When your employee was injured on the job, you felt horrible. The hazard was something that should have been prevented, but it wasn’t. Even though you’re willing to allow the claim to go forward and could support the worker, you want to let them go. They played a part in the accident, and you feel like this was a situation that could have been avoided if they’d followed the safety procedures at work.
You’re in a difficult position because you want to fire the employee for their disregard of safety rules, but you also don’t want to run afoul of the law. You wonder if you can simply let the worker go after agreeing with the claim so that they won’t return.
Can you fire an employee after they make a workers’ compensation claim?
The short answer to this is a resounding “no,” but there are some exceptions. For example, if the worker makes the claim but you were planning to let them go for unrelated reasons, then you may still be able to terminate their position while the claim is in process.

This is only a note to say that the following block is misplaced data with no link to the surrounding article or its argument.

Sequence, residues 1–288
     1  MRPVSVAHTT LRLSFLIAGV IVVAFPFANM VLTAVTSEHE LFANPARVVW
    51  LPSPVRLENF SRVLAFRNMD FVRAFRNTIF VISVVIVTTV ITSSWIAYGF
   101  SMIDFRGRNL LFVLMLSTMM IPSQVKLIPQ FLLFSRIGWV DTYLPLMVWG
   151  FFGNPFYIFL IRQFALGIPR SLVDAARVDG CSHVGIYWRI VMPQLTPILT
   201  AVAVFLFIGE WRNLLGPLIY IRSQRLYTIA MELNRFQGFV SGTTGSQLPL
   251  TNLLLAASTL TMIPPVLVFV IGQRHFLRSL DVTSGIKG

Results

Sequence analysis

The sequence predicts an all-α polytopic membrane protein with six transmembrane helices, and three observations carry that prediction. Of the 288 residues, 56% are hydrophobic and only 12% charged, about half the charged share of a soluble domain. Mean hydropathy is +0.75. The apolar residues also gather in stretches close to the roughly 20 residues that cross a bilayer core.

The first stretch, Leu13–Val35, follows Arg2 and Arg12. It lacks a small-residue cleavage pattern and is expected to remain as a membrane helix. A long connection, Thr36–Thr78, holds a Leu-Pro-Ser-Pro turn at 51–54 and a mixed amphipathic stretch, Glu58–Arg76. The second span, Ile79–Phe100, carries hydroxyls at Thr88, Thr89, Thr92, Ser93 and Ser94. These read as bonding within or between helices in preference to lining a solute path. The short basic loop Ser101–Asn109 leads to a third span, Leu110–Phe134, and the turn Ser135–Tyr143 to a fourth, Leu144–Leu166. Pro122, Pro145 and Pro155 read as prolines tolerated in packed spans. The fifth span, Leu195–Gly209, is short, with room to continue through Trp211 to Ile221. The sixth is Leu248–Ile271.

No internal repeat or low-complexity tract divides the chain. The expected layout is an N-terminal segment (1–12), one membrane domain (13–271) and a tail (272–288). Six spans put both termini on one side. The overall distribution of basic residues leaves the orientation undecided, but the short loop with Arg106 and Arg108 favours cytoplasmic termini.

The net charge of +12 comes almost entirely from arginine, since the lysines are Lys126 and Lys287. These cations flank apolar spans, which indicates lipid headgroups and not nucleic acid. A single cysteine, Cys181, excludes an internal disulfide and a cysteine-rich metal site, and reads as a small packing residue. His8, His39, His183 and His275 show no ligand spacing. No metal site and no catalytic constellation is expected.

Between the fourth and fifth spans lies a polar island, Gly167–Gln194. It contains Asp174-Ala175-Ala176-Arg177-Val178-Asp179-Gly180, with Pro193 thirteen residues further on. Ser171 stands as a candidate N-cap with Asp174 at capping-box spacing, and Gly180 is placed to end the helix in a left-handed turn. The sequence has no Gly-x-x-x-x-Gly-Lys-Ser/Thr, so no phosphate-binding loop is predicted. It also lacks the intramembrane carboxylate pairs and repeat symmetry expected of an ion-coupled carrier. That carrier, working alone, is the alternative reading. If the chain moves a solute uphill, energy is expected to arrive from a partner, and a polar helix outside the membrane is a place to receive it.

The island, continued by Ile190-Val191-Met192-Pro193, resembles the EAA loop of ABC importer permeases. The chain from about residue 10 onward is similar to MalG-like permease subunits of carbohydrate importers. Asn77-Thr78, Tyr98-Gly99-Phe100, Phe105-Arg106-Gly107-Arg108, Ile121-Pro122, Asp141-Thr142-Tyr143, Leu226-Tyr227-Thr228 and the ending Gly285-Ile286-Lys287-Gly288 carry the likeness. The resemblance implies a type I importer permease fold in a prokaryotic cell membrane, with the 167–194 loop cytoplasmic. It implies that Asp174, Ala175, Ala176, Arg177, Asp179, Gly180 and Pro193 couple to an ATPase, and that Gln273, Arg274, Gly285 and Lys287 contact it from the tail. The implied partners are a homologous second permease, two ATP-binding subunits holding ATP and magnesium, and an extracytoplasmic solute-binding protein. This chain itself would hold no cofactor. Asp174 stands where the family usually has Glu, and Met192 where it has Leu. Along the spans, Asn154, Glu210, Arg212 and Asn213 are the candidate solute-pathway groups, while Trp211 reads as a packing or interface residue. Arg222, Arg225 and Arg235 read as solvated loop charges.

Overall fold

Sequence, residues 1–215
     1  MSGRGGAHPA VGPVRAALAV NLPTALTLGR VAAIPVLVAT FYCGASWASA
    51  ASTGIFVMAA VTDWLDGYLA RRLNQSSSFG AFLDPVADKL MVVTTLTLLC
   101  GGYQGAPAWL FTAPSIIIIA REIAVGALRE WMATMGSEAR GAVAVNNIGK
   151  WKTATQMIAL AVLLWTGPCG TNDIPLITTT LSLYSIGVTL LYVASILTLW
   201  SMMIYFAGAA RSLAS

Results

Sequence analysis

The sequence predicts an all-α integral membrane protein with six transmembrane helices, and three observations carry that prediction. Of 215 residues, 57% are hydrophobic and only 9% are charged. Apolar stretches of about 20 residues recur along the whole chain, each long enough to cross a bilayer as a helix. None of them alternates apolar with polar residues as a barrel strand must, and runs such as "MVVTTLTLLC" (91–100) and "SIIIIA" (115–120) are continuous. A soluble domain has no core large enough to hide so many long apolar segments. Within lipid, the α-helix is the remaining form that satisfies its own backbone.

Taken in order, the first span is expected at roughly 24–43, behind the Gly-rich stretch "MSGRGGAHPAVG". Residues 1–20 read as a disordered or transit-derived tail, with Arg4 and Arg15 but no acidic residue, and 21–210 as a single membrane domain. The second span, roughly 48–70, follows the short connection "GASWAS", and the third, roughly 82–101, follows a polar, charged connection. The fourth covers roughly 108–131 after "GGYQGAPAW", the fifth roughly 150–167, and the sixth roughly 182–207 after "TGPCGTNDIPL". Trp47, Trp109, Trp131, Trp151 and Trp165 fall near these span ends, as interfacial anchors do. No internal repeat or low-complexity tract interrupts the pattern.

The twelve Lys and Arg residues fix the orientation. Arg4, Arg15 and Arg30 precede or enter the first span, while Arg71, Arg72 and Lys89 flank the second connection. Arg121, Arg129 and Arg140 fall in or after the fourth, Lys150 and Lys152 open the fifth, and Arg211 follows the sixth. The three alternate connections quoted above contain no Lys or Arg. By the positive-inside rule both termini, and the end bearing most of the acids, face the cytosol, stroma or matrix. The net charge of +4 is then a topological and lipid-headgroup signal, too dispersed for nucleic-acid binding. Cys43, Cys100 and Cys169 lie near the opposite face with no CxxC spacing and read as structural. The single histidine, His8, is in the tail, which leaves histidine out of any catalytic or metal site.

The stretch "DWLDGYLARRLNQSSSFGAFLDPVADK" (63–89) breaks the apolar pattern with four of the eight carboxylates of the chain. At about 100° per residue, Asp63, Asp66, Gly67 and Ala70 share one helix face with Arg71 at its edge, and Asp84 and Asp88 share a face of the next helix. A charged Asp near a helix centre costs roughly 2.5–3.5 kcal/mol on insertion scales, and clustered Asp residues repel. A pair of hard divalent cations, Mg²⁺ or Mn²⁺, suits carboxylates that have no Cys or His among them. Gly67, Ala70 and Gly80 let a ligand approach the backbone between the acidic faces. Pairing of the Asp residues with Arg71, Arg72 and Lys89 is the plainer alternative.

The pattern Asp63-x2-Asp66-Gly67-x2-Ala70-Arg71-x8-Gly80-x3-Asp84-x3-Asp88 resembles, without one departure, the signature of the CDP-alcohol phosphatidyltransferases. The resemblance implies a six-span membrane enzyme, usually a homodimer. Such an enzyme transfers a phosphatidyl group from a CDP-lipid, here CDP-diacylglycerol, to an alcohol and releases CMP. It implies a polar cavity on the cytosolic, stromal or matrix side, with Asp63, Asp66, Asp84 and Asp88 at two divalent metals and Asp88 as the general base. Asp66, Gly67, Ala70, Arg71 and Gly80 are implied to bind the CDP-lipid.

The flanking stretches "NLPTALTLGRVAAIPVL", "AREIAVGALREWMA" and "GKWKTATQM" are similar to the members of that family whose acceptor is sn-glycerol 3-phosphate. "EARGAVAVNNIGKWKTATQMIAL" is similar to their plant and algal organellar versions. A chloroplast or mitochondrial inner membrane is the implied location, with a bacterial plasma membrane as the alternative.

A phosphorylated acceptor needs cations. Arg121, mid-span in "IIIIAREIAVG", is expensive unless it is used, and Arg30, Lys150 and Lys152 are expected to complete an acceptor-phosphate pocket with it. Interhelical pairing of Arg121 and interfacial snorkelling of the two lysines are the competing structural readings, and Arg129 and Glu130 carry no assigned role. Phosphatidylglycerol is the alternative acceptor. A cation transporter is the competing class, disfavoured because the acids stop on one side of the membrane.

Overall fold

If you do decide to walk that fine legal line, make sure you document the reasons, unrelated to the workers’ compensation claim, for which you want to terminate the employee. For example, is this the third or fourth time that they’ve put themselves or others in danger? You might have been interested in letting them go because of the danger they pose to themselves or others.
If you want to terminate the employee, it’s smart to talk to your attorney first. This is a complex situation and one to think through carefully.